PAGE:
General Motors Company announced Monday that it will launch a $5 billion share buyback program and has tabled a capital allocation plan to return all available free cash flow to shareholders.

The auto giant has also struck a deal with an investor group to avert a proxy fight.

General Motors Company Unveils $5 Billion Stock Buyback; Avoids Proxy Fight
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General Motors Company three-pronged capital allocation framework

GM unveiled Monday a capital allocation framework that encompasses three core principles. The firm said it will reinvest in its business with the objective of driving 20  or higher return on invested capital (ROIC), through investments in world-class vehicles and leading technology. General Motors Company intends to disclose its ROIC performance each quarter beginning with its first quarter 2015 report.

The auto giant also intends to maintain an investment-grade balance sheet, including a target cash balance of $20 billion. As part of its capital allocation framework, the company anticipates returning all free cash flow to shareholders. Moreover, starting in January 2015, the company will develop its annual capital return plans and communicate them to the market during the first quarter of each year.

General Motors Company to begin $5 billion stock buyback

The auto giant will also immediately begin buying back $5 billion worth of stock. The share repurchase, coupled with an additional $5 billion in dividend payments between now and 2017, is scheduled to conclude before the end of 2015.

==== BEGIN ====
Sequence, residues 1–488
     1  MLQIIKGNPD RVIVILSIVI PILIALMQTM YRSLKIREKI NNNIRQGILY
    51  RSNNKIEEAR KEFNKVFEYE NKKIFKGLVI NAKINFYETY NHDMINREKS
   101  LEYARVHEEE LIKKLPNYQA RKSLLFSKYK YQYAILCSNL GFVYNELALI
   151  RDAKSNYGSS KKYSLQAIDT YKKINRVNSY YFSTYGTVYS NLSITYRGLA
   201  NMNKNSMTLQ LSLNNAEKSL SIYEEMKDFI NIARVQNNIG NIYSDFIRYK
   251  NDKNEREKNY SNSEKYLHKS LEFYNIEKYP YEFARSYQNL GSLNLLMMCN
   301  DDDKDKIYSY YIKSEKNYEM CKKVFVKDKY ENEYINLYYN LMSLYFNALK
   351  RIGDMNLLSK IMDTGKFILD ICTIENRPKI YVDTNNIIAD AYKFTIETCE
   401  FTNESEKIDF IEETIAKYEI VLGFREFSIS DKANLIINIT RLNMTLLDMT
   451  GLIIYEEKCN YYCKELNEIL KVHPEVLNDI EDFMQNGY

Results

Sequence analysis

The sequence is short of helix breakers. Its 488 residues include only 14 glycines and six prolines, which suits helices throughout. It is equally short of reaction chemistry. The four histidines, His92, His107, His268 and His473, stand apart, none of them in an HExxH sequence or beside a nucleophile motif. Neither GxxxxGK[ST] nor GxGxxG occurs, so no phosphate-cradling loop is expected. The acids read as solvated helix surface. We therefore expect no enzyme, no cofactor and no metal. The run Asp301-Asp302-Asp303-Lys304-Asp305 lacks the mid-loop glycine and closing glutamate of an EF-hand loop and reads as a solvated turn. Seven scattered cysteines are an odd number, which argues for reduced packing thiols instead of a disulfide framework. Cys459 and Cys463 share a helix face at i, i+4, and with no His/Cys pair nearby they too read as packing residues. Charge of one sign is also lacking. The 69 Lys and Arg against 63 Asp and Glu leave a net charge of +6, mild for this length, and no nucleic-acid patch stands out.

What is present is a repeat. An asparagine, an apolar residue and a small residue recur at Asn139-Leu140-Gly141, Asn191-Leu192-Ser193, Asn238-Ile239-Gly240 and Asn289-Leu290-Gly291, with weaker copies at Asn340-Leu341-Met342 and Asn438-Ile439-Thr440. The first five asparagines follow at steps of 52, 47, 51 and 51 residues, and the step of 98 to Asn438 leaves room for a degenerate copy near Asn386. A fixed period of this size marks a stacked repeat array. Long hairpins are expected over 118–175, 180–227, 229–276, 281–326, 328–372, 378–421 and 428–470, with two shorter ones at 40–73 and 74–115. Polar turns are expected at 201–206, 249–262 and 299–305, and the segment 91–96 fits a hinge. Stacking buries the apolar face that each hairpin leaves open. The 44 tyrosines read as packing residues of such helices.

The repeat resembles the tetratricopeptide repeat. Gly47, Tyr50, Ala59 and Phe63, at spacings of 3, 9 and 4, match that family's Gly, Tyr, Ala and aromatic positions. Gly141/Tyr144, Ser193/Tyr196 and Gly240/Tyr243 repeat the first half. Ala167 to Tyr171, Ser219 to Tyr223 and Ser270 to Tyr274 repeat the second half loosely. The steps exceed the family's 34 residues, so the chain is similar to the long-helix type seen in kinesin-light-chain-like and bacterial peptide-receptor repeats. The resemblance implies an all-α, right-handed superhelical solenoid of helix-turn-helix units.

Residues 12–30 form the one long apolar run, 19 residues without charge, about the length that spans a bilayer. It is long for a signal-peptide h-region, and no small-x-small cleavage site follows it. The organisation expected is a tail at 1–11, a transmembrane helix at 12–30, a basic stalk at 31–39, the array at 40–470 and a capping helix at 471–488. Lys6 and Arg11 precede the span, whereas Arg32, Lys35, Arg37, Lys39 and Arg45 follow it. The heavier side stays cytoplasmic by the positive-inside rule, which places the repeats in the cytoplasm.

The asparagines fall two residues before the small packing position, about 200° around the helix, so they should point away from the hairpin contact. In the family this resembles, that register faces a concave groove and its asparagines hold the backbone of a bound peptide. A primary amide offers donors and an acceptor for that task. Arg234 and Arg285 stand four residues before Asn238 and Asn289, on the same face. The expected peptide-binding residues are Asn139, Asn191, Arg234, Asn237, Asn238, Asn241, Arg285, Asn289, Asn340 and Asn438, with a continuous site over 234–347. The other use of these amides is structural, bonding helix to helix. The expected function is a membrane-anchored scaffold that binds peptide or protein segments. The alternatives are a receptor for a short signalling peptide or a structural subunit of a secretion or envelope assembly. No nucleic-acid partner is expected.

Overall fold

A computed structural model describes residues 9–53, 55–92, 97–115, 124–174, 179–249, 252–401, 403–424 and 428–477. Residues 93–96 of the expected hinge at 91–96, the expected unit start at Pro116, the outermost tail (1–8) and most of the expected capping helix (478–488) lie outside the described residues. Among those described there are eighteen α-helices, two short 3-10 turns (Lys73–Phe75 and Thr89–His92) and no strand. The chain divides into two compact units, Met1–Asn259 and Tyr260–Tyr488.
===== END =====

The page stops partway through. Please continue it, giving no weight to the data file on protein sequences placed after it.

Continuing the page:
The stock repurchase plan means avoiding a proxy fight with investor Harry J. Wilson. As reported by ValueWalk, Wilson, who is a retired hedge fund investor and a former senior adviser to the Obama administration’s auto task force that helped restructure the auto giant, sent a notice to the automaker indicating his intention to stand for election to become a member of GM’s board during its annual meeting. He also pushed the automaker to buy back $8 billion worth of its shares in one year.

Wilson told General Motors Company that he represented David Tepper and three other hedge fund managers that owned 2.2% of the outstanding shares of GM. David Tepper told CNBC:

Exuding confidence over the latest announcement, GM Chief Executive Mary Barra said in a statement: “GM is moving ahead with its comprehensive capital allocation framework and constructive dialogue with our shareholders has helped ensure that we are addressing these key initiatives with the appropriate level of clarity and transparency”.

Analysts from Barclays opined:

The company’s communication regarding capital allocation is what we had been hoping for (for several years). We believe that the hurdle for multiple expansion for Automakers is relatively high at this point in the cycle. While we continue to believe that GM’s profitability may be approaching a near term peak, we nonetheless believe that the company’s relatively low fixed cost positions them to be significantly cash flow generative over the intermediate term under a variety of different operating scenarios. Support for the stock is predicated on the company committing to returning cash to shareholders in a systematic manner, which the company is now doing.